Chicago is projecting the smallest budget gap since 2008 even as it forecasts that the deficit will almost double by 2017 amid growing pension obligations.
The outlook for the third-largest U.S. city, released with an annual report, forecasts a 2015 deficit of $297.3 million, $100 million less than projected a year earlier after the city reformed two of its four pension funds. That shortfall will rise to $587.7 million by 2017, and that gap doesn’t include obligations to Chicago’s two underfunded retirement funds.
“By making the tough but necessary choices over the past three years, we are able to continue chipping away,” Mayor Rahm Emanuel said in an e-mailed statement today. “While a $297 million budget shortfall is substantial, we are making progress in righting the city’s financial ship.”
Chicago found a partial solution in June to address the $19.2 billion shortfall across its four retirement funds when the Illinois legislature restructured two of the systems, which had a combined $9.4 billion in unfunded liabilities for about 60,000 municipal workers and retirees.
The liabilities were the main reason behind Moody’s Investors Service’s downgrade of Chicago’s debt in March to Baa1, three steps above junk, citing the threat to the city’s fiscal solvency.
The risks intensified July 3 when the Illinois Supreme Court ruled the state constitution prevents the reduction of contributions to retiree health care. A week later, Moody’s said the decision was “credit negative” for the state and the city as the plan that lawmakers approved to stabilize pensions relies on benefit cuts.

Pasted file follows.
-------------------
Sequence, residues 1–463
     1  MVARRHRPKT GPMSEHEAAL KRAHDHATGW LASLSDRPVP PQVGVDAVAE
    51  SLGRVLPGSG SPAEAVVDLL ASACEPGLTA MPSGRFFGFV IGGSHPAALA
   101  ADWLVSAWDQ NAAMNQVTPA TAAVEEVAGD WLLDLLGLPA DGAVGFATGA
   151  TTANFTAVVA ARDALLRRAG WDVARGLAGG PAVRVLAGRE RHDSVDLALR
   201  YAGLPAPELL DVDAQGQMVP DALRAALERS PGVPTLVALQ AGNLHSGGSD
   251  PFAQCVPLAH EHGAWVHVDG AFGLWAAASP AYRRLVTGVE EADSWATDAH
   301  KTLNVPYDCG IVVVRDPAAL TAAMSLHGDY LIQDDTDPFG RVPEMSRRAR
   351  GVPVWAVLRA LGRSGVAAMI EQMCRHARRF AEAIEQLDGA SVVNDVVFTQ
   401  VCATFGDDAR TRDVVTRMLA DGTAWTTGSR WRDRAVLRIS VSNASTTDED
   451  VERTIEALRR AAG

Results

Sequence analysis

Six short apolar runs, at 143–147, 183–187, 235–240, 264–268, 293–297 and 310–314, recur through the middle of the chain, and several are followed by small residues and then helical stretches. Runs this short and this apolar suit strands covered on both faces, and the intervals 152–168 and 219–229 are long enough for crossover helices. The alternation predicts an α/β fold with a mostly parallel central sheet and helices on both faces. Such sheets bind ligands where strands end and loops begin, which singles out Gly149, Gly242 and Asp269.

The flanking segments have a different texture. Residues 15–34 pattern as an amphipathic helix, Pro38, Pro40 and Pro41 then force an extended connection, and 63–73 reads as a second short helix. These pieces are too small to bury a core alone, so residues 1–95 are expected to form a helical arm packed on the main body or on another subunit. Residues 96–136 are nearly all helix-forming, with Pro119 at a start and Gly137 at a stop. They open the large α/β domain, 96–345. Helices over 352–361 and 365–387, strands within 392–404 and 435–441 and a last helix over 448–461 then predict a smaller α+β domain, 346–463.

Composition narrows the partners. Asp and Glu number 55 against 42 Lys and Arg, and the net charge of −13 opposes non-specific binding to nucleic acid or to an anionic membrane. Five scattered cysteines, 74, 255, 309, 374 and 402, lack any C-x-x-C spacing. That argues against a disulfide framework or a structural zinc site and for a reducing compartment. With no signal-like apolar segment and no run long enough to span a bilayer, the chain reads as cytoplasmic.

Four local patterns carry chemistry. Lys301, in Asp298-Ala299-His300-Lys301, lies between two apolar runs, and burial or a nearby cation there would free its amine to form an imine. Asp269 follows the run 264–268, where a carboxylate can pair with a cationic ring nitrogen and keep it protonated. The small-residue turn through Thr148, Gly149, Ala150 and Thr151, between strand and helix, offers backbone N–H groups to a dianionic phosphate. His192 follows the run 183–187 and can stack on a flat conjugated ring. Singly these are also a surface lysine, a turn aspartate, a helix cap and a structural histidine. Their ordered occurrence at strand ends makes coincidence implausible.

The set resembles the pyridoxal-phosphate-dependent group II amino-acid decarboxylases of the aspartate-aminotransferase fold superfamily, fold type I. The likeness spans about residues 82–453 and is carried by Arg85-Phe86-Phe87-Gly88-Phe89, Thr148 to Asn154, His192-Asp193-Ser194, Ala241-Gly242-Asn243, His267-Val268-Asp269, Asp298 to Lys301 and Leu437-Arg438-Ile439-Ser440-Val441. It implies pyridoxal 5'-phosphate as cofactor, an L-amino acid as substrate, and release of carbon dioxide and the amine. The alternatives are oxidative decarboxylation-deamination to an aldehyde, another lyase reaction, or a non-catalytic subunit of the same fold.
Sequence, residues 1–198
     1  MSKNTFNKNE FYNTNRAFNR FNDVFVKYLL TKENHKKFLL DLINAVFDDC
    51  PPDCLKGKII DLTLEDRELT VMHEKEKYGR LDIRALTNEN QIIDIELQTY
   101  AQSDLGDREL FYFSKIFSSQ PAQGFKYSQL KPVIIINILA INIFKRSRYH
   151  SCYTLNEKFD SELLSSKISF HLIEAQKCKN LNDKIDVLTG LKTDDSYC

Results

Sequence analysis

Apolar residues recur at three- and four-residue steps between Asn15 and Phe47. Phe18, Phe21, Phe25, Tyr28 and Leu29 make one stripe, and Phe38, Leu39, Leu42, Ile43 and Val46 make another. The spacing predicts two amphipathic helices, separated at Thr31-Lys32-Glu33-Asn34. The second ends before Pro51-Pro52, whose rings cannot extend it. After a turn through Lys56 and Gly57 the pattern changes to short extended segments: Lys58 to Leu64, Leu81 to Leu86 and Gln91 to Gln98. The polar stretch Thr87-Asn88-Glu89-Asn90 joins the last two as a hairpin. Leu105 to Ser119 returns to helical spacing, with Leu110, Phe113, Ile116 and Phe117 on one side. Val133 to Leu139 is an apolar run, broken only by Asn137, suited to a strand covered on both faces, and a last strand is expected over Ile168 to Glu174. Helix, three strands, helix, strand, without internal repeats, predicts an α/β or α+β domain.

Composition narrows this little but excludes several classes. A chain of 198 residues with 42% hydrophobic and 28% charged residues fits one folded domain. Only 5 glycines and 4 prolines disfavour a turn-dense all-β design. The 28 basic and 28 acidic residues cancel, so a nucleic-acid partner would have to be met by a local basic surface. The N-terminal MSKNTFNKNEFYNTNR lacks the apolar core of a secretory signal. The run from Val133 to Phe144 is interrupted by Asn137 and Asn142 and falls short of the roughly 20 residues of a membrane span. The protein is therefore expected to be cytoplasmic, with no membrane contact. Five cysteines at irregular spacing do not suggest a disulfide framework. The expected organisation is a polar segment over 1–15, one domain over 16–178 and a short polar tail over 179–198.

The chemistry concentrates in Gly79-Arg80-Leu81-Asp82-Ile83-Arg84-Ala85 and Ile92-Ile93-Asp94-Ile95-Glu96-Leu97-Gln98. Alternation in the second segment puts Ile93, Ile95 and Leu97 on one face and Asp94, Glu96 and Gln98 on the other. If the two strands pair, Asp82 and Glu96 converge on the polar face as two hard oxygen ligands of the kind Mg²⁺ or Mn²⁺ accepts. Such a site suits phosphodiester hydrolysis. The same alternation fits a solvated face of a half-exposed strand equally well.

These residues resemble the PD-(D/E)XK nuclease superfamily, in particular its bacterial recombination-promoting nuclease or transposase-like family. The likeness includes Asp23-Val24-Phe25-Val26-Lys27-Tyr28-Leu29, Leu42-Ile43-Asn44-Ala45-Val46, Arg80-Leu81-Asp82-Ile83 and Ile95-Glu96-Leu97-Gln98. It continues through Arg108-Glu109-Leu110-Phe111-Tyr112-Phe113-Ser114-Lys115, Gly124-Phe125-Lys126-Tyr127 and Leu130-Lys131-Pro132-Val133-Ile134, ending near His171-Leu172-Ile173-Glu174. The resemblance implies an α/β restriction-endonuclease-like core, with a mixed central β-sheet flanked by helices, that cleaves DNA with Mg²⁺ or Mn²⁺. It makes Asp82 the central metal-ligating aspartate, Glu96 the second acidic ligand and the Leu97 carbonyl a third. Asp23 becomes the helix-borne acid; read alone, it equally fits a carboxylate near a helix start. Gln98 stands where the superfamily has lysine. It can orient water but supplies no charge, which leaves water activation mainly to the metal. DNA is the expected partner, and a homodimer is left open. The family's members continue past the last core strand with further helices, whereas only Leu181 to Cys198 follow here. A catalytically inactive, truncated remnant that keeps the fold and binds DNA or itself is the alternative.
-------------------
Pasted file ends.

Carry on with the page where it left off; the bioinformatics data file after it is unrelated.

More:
Chicago’s revenue is projected to drop about 1 percent to $3.22 billion in 2015, partly due to a decline in utility payments, today’s report said, citing a return to more normal weather after severe conditions in 2014. Expenses are seen rising by about $260 million to $3.52 billion because of higher salaries and wages from collective-bargaining agreements.
Still, the 2015 budget gap is less than half what was projected three years ago thanks to the recovering economy, the renegotiation of major contractual costs and cuts in health-care expenses, the report said. Plus the city’s transition to a grid-based garbage-collection system completed in April 2013 saves about $18 million a year, according to the report.
Emanuel plans to present next year’s budget to the city council in October.
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